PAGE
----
I'm not sure what to think of how the various parts of this story fit together, but any chance to hang out with the Peabody Emersons reproduces some oI'm not sure what to think of how the various parts of this story fit together, but any chance to hang out with the Peabody Emersons reproduces some of my happiest childhood reading experiences. That's not to call the books childish, but I'm hard put to think of a book -- much less series -- that's brought me as much joy since I first discovered the delight of a good story.
I will say, however, that certain references and aspects of the story won't mean as much unless you've read the series from the start. When I first discovered it, via "He Shall Thunder from the Skies," some claims or statements seemed a bit preposterous. And perhaps they are. But when you've followed the characters over so many books, I guess the suspension of disbelief gets easier. Claims about Sethos and Ramses make more sense when you've seen them elaborated in several adventure.
At any rate, this was a lot of fun. I'm so glad there are still a few books left in the series....more
At the start of this work, I worried a bit that the story might suffer from resolution of the love-life drama that had spanned the last few books. ButAt the start of this work, I worried a bit that the story might suffer from resolution of the love-life drama that had spanned the last few books. But though some of the early "Manuscript H" sections did drag a bit compared to the scenes with Amelia and Emerson, Peters had nicely hit her stride by the middle of the book.
One of the great things about writing a series like this — and such a long one at that — is the richness of character and relational development that becomes possible. Peters has never failed to make good use of Ramses, of course, but the series really reached a new level once he reached his teens and she had to start splitting the narratives between multiple perspectives. I'm hard to put to conceive how she could achieve that kind of story outside a series, though. By having written so many books, and over so much time, Peters' relationship to her characters has probably developed almost as much as theirs with each other, in a way.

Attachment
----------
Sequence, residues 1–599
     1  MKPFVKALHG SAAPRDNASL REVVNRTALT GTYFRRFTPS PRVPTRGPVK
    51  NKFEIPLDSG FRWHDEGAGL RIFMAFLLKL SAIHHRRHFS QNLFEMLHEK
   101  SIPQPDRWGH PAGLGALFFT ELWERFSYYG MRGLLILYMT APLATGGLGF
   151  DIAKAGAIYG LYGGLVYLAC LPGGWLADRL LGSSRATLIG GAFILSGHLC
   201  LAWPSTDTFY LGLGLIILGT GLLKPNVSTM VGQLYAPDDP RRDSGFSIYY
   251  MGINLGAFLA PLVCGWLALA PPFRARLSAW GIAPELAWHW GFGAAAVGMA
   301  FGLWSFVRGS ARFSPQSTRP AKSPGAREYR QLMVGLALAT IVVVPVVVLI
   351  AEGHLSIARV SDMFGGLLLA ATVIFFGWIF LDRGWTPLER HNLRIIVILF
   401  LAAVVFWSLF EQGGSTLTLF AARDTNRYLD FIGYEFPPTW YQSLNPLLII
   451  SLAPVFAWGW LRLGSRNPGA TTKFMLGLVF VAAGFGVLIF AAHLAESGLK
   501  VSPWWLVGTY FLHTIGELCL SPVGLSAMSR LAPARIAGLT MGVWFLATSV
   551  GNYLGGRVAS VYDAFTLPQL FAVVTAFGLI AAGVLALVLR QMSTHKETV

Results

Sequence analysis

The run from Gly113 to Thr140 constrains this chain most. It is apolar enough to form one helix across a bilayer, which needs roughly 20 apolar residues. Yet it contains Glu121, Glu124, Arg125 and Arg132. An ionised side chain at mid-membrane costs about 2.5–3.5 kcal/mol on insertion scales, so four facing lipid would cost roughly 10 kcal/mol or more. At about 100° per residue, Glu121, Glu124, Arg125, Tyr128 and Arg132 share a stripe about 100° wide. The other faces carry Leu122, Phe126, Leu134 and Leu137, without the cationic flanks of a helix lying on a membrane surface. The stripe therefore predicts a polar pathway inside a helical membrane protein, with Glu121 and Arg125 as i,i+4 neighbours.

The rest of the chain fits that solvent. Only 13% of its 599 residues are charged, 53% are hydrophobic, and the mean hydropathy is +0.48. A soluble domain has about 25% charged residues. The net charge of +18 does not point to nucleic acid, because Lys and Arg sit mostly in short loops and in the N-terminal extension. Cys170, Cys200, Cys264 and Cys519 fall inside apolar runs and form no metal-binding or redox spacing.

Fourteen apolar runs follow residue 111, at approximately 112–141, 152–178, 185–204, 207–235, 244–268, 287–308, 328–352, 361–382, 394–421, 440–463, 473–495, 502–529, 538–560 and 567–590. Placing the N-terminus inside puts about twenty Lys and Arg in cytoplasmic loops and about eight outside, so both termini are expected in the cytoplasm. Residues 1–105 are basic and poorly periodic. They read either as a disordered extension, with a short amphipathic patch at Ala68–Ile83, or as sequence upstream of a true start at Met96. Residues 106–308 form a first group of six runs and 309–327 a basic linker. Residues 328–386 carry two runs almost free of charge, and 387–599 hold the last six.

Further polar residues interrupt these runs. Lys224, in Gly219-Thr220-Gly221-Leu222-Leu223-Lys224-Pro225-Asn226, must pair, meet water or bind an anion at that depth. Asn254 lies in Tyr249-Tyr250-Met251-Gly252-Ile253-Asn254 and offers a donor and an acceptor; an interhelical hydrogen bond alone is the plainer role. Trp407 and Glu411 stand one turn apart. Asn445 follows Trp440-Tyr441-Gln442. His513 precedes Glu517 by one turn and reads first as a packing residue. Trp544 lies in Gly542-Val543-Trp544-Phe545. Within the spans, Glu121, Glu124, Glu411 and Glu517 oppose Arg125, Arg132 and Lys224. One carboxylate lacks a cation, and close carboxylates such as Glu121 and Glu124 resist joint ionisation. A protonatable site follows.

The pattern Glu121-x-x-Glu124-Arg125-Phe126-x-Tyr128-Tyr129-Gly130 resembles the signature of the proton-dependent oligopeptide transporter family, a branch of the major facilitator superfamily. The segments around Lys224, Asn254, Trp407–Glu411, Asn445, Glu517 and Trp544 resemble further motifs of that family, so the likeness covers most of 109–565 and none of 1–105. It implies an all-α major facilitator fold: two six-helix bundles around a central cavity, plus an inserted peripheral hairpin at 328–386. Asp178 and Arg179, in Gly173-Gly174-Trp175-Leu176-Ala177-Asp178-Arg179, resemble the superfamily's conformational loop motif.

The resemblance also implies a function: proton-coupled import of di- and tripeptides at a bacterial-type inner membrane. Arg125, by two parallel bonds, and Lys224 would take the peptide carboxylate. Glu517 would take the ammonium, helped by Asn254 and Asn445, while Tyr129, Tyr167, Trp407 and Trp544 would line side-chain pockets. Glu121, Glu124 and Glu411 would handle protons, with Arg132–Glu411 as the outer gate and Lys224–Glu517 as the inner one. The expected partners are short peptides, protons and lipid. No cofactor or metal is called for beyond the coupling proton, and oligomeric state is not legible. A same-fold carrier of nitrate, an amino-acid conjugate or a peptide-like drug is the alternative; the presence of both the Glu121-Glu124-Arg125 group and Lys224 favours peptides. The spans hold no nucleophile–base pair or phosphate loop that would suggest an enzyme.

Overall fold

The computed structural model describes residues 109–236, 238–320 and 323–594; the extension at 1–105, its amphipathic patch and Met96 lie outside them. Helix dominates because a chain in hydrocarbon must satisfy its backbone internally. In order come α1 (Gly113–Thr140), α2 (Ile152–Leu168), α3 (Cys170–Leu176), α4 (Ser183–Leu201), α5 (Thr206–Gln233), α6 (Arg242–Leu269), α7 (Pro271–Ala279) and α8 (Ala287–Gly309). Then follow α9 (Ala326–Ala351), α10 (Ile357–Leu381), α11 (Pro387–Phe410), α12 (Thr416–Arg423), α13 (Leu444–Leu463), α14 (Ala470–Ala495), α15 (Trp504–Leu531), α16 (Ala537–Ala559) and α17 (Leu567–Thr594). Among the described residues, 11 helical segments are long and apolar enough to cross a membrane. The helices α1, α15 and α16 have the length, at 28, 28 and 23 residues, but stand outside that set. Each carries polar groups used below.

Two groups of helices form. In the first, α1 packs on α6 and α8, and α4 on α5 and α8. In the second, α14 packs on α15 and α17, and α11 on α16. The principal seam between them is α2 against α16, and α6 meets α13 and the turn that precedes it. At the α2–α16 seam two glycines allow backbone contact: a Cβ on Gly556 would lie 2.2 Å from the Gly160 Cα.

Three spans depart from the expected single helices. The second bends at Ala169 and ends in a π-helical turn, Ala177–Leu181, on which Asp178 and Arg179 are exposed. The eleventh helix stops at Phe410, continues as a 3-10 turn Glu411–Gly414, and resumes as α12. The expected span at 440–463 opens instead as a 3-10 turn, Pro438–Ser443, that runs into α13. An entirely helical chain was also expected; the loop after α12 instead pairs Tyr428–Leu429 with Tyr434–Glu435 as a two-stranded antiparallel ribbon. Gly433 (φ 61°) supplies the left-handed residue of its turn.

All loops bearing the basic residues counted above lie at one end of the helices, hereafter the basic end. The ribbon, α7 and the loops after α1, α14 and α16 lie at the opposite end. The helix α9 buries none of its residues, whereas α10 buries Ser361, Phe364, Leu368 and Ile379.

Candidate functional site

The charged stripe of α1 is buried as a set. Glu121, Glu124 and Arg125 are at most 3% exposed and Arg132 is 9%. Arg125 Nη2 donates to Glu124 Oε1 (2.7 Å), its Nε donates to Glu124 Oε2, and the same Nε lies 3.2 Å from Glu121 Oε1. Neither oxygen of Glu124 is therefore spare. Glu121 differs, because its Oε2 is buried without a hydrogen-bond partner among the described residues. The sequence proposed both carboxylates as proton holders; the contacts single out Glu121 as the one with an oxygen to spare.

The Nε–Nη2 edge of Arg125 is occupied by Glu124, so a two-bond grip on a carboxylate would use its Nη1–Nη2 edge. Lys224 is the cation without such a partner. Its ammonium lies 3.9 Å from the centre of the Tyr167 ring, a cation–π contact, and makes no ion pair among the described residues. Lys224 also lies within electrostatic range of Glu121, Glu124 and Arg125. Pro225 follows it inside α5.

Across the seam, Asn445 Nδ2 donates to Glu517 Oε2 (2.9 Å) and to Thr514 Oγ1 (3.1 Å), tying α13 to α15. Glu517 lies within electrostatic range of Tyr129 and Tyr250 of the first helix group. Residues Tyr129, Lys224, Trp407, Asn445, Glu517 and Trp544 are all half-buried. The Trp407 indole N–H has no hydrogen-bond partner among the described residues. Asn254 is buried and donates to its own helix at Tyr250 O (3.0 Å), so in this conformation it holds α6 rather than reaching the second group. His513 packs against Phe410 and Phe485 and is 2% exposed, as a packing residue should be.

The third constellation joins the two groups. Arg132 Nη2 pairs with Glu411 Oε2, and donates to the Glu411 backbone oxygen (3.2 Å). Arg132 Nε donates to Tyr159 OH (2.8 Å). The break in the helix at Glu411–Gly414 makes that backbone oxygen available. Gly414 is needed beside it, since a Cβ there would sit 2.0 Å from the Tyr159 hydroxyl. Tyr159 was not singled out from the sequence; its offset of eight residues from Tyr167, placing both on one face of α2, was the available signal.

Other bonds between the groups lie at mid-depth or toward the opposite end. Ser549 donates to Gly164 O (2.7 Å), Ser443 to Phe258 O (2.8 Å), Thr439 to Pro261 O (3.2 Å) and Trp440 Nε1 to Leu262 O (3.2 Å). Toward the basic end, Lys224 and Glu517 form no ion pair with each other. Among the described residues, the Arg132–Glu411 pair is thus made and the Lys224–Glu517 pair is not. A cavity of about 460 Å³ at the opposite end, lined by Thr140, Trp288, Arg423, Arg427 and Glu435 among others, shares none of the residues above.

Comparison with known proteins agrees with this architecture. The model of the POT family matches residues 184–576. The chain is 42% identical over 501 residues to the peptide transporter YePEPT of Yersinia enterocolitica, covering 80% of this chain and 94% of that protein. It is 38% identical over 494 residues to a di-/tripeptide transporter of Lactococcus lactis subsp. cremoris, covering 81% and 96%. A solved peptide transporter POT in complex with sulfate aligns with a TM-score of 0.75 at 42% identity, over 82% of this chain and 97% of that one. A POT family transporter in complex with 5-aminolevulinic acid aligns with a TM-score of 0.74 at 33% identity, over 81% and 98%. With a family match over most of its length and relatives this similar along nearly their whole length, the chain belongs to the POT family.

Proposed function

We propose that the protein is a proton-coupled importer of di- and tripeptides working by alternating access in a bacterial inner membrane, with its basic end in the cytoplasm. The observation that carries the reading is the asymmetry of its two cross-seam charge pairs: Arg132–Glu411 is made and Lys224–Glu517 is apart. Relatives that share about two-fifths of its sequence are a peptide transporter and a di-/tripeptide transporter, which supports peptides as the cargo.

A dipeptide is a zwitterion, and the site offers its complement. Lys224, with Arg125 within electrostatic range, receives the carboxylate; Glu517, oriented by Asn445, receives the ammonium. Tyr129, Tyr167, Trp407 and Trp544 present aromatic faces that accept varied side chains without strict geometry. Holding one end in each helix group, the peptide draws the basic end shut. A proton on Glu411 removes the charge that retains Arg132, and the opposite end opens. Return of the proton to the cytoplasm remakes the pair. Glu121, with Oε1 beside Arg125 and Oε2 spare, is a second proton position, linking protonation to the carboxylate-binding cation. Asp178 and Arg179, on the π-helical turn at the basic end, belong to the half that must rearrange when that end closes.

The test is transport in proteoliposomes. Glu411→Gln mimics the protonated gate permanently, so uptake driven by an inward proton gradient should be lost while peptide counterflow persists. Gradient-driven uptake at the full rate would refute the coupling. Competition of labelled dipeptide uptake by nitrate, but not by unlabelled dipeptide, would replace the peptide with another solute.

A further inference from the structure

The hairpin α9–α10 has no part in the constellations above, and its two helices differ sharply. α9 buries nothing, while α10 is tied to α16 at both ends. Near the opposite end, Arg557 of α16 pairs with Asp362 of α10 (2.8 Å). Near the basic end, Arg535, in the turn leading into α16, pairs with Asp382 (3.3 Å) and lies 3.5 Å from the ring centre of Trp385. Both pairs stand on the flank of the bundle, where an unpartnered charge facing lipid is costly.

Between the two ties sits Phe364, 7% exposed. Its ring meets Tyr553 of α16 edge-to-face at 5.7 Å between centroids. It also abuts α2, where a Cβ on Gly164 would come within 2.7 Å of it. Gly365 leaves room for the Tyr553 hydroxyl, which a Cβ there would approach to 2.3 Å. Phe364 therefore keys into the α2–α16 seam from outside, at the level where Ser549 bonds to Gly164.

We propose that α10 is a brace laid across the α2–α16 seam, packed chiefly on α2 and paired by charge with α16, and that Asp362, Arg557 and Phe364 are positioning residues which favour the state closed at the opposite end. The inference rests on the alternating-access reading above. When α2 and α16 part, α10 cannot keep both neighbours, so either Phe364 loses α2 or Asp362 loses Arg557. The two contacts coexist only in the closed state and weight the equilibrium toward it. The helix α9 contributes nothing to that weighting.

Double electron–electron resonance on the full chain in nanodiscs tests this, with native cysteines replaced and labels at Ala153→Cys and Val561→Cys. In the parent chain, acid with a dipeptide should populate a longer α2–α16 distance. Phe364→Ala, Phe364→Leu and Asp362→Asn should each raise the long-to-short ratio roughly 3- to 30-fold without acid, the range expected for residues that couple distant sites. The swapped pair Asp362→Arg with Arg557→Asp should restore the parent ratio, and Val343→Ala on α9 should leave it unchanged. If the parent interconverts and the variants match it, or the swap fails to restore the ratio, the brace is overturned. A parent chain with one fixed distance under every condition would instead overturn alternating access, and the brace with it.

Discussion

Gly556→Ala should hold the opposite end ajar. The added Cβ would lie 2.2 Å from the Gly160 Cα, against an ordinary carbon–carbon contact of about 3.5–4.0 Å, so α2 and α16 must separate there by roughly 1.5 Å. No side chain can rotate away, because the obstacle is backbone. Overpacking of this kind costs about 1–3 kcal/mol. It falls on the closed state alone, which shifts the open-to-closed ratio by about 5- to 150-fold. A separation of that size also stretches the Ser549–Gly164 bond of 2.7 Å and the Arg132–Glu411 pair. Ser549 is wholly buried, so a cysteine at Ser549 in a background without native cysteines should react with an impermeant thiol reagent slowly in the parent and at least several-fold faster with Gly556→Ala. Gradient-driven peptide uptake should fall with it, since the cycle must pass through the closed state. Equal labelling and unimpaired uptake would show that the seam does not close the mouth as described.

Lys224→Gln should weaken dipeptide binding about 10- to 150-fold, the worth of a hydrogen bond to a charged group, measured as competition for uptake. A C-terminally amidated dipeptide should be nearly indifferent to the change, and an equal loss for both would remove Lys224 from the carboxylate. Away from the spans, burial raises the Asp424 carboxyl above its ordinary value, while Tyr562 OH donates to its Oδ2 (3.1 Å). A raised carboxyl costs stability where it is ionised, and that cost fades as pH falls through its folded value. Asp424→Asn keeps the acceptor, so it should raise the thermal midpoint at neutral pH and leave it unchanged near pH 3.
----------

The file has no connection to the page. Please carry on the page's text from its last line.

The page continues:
I suppose some of the great epic novels have a similar quality, but at this point in the series, all the characters' shared past stories and adventures gives Peters so much to work with. In particular, it was really neat to see the family starting to wrestle (in this book) with certain long-established relational dynamics and the problems they cause. Of course, all that happens in typically humorous fashion, but still. These books are truly a delight to read. I'm starting to think no series has been this fun since I first discovered, devoured, then reread and reread Maud Hart Lovelace's Betsy-Tacy series....more
One of the great pleasures afforded by my intro to the Peabody series -- He Shall Thunder in the Skies was the rich cast of characters and sense of hiOne of the great pleasures afforded by my intro to the Peabody series -- He Shall Thunder in the Skies was the rich cast of characters and sense of history in their various relationships. Ever since then, I've been slowly working my way forward from the beginning. For my money, those interrelationships really begin to shine in this book, and add more complexity to the plot. That helps, because aspects of the premise for this story stretch plausibility a bit more than in other books. It doesn't matter much, though; for the reader who's gotten to know the characters a book at a time from the beginning, the fun starts to reach a new level with this book (no doubt in part because Ramses begins to come into his own as a character)....more